The son and heir of Lord Lucan, the peer who has been missing since 1974 in one of Britain’s most enduring mysteries, is making a new High Court bid for his father to be declared “presumed dead” in a case which could lead to the issuing of a death certificate and pave the way for the missing earl’s title to be inherited.
George Bingham, 47, announced the legal proceedings with a low-profile public notice in a local newspaper the West End Extra which serves central London.
He later told the newspaper that having his father declared dead would “bring closure”. It would also, however, enable him to finally inherit his father’s title. Objectors to the process have been given 21 days to intervene, according to the notice.
Mr Bingham’s father, whose full name was Lord Richard John Bingham, the 7th Earl of Lucan, sensationally vanished without trace following the murder of his three children’s nanny Sandra Rivett, who died after being bludgeoned with a lead pipe in the basement of the Lucan family home in Belgravia.
The case has remained a cause of public fascination ever since, and the subject of numerous books, television dramas and films.
Lord Lucan, who if still alive would be in his 80s, was last seen soon after Ms Rivett’s death at a friend’s house in Uckfield, Surrey. Thereafter, he was never seen again and no body has ever been found.
Mr Bingham has previously said that he is not convinced that his father killed Ms Rivett but believes he killed himself afterwards, dismissing the endless supply of conspiracy theories and speculative sightings which have surfaced over the past 40 years.
Lord Lucan has been legally declared dead for the purposes of a probate settlement, but a petition by Mr Bingham in 1999 to take his father’s seat in the House of Lords was not approved. Hereditary peers have largely been removed from Parliament’s second chamber, but peerage titles can still be passed on. As Lord Lucan’s only son, Mr Bingham would become the 8th Earl of Lucan.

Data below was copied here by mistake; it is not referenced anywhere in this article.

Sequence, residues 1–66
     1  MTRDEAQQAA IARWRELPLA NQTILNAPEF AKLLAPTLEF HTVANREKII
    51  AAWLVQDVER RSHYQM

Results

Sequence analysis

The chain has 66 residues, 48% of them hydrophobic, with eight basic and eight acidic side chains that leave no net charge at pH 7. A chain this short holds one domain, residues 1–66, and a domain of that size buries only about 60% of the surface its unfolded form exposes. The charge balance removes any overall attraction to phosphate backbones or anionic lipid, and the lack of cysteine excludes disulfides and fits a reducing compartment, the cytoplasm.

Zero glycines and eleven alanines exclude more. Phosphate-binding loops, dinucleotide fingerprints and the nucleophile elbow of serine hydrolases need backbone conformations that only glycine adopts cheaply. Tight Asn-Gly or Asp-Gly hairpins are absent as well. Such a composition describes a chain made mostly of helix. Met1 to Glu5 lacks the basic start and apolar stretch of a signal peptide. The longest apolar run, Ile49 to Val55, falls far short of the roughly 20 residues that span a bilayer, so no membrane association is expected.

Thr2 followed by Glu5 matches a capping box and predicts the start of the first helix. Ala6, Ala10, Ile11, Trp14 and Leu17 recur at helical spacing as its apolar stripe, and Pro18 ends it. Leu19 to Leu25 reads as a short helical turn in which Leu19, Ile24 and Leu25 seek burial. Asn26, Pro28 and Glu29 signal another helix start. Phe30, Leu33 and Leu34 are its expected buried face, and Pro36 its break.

Mr Bingham, who was seven at the time of his father’s disappearance, said yesterday: “The High Court gave leave to swear the death of Lord Lucan in 1992. This is an old established procedure for settling a person’s estate when they have gone missing for more than seven years. However, it does not prove death for all purposes.” He added that he was now following up the case in the Royal Courts of Justice because of the passing of the recent Presumption of Death Act, which came into force last October. The new rules “provide a simpler and more complete process, which I have been advised to make use of,” said Mr Bingham, adding: “Call it closure.”
Lord Lucan’s marriage to Mr Bingham’s mother, Veronica Duncan, had broken down in 1972 and he had moved out of the family home. A custody battle had been raging when Ms Rivett was beaten to death. Police followed one line of investigation that the dead nanny had been mistaken for Ms Duncan.
Mr Bingham, who has a home close to Pall Mall, limited his commentary on the case until a newspaper interview in 2013 in which he said that he believed his father had killed himself.